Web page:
Categorized | Family Care, Housing Options

Designing Senior Living Facilities A Challenging Task

Designing senior living

Milestones, an active residential community designed by ISU students for a proposed senior living community in Nevada, Iowa.

Designing a senior living space is unlike designing any other health care facility due to the unique needs of aging populations.

This spring, students in an Iowa State University wellness design studio are working on innovative solutions to design issues in senior living facilities. “Aging in place” is a concept that allows seniors to live safely and comfortably at home as they age.

It’s also at the heart of Daejin Kim’s research. Kim, an assistant professor of interior design, joined the ISU College of Design last year. This semester, Kim and Cameron Campbell, associate professor of architecture and senior associate dean in the College of Design, are teaching the wellness studio.

“Senior living is not a snapshot, because their needs keep changing. Aging in place is a transition,” Kim said. “Students need to think about what will happen five, 10 years later and how to design a space to support those changes.

 

First Step Empathy

 

“The first step is empathy; students need to feel what seniors feel and see what they see.”

To this end, the students spent time studying issues facing aging populations, reflecting on their observations and touring various senior living and health care facilities in Ames and during a trip to Florida.

Kim’s research grounds their studies. His research has shown that as people age and require more mobility assistive aids in their homes, there is an increase in environmental hazards and fall risks. His study found that falls in the bathroom are significantly associated with hospitalization — and the bathroom is the most common place for environmental hazards in the home. He hopes this research will be used to design spaces that can help prevent these falls.

“Wellness design is the last frontier of great design because it’s been ignored for decades,” Campbell said.

For their first project, teams of interior design, landscape architecture and architecture students designed duplex housing for a proposed senior living community on 8,000 square feet of land in Nevada, east of Ames.

 

Creating Aging In Place Options

 

Susan and G.L. Hoffman donated the land to the university and invited student proposals, a concept that was developed into a class project in the wellness studio. The goal is to be able to apply these concepts to small towns everywhere with houses in decline and a growing need for viable “aging in place” options.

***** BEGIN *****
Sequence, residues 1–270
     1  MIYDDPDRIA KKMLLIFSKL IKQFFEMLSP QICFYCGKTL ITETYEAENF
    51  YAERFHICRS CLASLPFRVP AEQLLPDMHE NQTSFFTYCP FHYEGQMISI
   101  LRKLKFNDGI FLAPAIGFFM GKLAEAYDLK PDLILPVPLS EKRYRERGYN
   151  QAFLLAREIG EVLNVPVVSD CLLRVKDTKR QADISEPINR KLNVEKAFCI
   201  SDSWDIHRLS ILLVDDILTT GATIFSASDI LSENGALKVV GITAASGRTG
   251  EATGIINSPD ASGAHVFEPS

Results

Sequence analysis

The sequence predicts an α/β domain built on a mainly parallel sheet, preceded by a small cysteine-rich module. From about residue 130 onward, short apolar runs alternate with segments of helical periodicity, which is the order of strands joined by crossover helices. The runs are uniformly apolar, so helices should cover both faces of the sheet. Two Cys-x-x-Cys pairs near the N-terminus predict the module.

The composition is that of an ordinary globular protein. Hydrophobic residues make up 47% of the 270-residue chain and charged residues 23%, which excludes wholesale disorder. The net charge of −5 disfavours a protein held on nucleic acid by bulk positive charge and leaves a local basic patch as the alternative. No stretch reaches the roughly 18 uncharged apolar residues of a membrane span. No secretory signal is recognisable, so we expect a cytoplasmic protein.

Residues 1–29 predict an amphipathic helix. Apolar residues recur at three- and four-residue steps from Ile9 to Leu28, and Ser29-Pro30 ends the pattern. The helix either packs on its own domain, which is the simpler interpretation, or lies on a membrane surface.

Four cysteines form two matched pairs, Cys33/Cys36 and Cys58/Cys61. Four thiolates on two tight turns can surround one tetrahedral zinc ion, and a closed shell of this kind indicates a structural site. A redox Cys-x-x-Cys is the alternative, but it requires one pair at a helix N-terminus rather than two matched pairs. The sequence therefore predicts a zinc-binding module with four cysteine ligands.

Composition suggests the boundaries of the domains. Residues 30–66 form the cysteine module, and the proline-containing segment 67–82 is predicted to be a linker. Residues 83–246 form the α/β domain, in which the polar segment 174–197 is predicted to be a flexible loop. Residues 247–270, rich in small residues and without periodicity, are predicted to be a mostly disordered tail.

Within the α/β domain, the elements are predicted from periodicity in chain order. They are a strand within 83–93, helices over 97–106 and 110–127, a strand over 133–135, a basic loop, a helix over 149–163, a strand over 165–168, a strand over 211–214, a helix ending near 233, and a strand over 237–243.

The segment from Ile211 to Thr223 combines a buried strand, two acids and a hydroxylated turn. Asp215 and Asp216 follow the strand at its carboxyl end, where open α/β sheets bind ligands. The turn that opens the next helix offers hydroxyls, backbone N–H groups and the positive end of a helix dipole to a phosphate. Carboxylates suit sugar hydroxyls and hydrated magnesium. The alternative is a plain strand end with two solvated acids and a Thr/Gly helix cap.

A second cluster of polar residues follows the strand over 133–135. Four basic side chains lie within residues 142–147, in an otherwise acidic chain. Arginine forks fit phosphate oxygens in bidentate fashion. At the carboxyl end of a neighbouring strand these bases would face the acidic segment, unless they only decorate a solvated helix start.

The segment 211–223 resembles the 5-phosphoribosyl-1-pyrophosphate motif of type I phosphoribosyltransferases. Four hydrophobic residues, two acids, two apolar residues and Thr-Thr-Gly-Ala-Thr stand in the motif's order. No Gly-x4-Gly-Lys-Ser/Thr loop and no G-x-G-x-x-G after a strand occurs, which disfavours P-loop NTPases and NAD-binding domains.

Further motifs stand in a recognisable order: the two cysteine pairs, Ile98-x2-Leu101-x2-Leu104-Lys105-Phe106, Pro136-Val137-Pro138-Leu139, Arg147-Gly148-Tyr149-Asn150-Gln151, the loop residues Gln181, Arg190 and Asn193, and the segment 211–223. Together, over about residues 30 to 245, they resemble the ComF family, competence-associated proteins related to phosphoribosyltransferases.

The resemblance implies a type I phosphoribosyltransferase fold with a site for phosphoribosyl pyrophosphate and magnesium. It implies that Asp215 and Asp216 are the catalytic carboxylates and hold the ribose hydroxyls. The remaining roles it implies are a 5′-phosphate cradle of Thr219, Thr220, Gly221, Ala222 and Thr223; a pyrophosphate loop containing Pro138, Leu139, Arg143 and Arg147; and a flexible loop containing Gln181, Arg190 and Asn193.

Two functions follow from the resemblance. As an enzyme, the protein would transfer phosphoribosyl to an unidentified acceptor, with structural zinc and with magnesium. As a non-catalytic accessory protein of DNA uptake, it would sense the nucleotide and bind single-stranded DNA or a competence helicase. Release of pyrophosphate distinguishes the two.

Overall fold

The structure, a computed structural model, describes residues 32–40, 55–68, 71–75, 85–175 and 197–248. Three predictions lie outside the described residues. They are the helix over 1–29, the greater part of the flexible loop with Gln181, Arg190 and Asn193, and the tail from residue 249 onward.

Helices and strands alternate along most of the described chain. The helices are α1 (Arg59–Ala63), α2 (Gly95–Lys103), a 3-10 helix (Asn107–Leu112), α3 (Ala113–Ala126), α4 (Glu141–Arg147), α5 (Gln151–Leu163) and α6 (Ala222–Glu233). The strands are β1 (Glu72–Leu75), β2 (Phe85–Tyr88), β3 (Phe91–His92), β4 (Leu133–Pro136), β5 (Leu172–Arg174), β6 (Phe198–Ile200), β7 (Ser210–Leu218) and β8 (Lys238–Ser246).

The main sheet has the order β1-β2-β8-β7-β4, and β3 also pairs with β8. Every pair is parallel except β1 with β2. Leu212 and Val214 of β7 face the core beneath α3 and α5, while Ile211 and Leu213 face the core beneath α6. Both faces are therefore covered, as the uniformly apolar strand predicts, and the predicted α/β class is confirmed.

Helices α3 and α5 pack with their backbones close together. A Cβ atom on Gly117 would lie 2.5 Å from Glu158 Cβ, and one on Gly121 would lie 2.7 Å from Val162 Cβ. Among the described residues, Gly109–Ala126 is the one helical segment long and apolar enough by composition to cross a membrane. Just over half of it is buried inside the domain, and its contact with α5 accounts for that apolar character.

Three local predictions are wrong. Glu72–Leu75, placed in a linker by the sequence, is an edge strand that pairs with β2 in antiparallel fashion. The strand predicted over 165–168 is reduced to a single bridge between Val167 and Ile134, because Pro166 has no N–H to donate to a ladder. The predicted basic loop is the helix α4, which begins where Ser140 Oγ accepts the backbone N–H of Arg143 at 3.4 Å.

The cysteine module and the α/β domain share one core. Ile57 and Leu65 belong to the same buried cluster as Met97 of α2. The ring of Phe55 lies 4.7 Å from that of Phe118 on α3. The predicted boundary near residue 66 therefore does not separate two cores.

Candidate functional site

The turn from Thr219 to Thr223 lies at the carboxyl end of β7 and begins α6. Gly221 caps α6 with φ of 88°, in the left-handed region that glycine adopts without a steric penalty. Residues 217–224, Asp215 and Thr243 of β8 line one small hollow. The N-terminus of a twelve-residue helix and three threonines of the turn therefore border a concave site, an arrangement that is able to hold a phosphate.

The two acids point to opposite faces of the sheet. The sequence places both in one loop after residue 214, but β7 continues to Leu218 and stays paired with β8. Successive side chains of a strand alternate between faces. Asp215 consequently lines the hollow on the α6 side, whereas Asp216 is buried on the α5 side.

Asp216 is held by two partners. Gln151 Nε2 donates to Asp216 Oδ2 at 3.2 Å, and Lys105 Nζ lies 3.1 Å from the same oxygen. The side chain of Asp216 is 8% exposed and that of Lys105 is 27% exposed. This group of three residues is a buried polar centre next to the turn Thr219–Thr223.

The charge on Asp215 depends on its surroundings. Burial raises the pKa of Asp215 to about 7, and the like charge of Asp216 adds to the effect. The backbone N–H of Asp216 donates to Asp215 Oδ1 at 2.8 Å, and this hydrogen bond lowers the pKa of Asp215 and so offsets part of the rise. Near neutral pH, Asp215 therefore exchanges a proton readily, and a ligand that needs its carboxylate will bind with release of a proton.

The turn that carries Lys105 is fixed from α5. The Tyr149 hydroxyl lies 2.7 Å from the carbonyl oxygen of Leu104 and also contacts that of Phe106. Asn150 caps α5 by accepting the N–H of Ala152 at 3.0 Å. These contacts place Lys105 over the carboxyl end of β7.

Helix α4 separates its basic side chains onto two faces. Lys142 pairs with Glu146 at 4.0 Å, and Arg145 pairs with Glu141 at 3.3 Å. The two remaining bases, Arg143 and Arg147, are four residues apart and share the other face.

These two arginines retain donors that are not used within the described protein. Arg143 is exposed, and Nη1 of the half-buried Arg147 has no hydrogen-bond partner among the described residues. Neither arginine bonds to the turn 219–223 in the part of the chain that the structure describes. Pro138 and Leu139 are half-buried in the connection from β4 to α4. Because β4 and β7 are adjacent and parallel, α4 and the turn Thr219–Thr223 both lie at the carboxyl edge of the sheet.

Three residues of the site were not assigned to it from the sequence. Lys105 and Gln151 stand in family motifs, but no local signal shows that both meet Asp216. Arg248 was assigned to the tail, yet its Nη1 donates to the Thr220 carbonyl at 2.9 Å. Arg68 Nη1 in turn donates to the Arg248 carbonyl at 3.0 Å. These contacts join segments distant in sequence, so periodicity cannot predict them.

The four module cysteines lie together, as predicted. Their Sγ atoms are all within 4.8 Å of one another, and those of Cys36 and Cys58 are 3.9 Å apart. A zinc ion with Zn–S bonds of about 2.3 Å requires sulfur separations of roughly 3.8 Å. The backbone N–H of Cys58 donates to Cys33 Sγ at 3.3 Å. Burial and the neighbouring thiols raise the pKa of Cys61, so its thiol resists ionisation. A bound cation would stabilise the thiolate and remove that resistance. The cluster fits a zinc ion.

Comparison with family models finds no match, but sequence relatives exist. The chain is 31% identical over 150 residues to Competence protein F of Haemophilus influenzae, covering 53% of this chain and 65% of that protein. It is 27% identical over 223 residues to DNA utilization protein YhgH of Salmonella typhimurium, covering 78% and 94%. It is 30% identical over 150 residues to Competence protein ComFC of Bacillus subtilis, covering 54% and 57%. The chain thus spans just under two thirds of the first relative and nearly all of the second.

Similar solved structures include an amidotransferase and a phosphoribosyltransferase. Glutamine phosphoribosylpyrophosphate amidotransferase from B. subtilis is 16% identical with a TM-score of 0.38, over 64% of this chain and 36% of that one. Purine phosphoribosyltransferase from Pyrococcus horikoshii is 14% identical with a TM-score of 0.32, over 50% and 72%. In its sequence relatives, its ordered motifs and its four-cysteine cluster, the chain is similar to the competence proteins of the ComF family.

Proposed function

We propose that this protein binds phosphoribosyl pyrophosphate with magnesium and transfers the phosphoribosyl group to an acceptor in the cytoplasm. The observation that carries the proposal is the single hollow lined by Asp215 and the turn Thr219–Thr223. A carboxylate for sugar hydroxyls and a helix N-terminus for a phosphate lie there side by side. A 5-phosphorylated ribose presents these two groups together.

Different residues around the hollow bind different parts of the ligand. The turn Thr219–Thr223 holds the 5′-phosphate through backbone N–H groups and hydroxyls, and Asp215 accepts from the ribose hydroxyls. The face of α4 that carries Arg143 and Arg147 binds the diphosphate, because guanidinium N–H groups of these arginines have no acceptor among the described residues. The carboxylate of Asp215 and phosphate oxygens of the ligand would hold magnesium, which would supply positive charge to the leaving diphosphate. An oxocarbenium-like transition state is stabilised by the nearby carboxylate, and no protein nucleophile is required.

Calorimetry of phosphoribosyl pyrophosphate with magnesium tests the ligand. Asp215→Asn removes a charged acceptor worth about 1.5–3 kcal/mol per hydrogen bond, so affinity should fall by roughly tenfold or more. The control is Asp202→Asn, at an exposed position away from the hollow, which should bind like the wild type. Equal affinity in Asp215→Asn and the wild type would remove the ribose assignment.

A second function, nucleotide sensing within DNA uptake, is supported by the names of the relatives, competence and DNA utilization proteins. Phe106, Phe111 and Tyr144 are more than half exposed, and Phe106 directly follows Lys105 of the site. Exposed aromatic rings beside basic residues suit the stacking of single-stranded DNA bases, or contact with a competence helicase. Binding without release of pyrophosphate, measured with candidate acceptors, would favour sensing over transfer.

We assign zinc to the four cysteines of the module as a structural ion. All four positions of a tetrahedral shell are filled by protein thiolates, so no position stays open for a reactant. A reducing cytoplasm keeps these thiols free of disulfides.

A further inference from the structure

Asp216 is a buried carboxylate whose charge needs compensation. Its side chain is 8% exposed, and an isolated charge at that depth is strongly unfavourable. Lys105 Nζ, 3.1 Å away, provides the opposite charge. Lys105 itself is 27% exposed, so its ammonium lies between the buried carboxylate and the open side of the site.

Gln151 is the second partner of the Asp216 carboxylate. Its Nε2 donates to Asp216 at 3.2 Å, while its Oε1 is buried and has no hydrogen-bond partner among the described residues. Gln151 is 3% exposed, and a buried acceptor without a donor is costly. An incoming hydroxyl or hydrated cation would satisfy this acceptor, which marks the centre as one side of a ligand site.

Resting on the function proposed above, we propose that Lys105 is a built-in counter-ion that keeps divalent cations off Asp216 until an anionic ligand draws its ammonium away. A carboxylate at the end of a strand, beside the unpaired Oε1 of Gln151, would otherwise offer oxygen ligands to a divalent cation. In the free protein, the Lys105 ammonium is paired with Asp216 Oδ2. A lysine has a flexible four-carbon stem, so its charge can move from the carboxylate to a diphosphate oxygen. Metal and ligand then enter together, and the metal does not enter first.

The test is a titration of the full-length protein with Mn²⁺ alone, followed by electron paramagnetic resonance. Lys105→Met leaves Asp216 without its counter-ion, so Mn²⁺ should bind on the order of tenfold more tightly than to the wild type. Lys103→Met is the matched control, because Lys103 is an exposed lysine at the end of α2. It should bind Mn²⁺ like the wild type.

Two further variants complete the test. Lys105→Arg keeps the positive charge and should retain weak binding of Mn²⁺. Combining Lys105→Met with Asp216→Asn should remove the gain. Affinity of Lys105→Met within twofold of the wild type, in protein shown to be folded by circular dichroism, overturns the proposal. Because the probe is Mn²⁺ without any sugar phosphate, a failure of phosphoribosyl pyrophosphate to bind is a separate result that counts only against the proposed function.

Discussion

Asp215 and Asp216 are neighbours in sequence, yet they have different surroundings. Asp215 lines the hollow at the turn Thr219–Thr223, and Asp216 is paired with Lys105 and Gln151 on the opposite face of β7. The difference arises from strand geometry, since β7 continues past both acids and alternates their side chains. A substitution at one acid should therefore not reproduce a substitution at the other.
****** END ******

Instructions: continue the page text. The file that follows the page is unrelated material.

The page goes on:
The Hoffmans supported the students’ projects, including travel, materials and an award for the most innovative proposal. Susan Hoffman is president and owner of DESIGNS! Susan Hoffman Interior Designs in Wayzata, Minnesota. She received her bachelor’s degree in interior design from Iowa State in 1973 and is a member of the College of Design Advancement Council.

The teams took their designs to an “Innovations in Aging” charrette hosted by the gerontology program. Then they traveled to HDR in Minneapolis — an architecture and engineering firm — and received valuable input and critiques from HDR’s design professionals as well as the Hoffmans. The winning team received a scholarship for their design, “Milestones,” an active residential community where the design is carefully inserted into the fabric of the community.

The students envisioned a community space for the residents and encouraged walkability throughout the neighborhood. The winning team consisted of Samantha Benson, senior in interior design from West Des Moines; Alec Hoppe, senior in architecture from Sibley; and Derek Hansen, senior in landscape architecture from Andover, Minnesota.

The campuses must include a wellness center, individual living, assisted living, dementia facilities and a skilled nursing home.

Following a recent trip to Florida to learn more about complex senior living facilities, students will spend the rest of this semester designing a continuing care retirement community for 700 residents and 500 employees. The campuses must include a wellness center, individual living, assisted living, dementia facilities and a skilled nursing home.

Since its formation in 2011, the wellness studio has taken on a new project each spring. Past studios have tackled rehabilitative facilities, inpatient and outpatient hospitals, ambulatory services and more.

“In this spring’s wellness studio, the students are learning how life changes and specifically with mobility, how to design a physical environment to meet a person’s changing needs,” Kim said. — Newswise

 

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